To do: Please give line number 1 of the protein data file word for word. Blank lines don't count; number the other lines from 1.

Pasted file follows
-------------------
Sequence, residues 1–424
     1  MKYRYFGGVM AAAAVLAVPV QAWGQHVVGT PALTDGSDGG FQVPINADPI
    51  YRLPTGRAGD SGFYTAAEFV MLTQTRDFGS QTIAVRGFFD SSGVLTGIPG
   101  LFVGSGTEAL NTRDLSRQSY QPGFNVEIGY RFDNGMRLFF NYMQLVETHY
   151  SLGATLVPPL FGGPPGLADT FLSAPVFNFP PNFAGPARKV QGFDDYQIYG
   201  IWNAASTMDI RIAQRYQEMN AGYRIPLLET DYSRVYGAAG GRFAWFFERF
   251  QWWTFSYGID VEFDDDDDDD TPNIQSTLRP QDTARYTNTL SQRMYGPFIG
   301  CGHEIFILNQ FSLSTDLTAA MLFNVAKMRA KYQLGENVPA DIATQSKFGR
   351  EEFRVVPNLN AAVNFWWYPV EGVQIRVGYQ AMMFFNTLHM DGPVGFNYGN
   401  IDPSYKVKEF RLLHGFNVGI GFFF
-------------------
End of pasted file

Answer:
Sequence, residues 1–424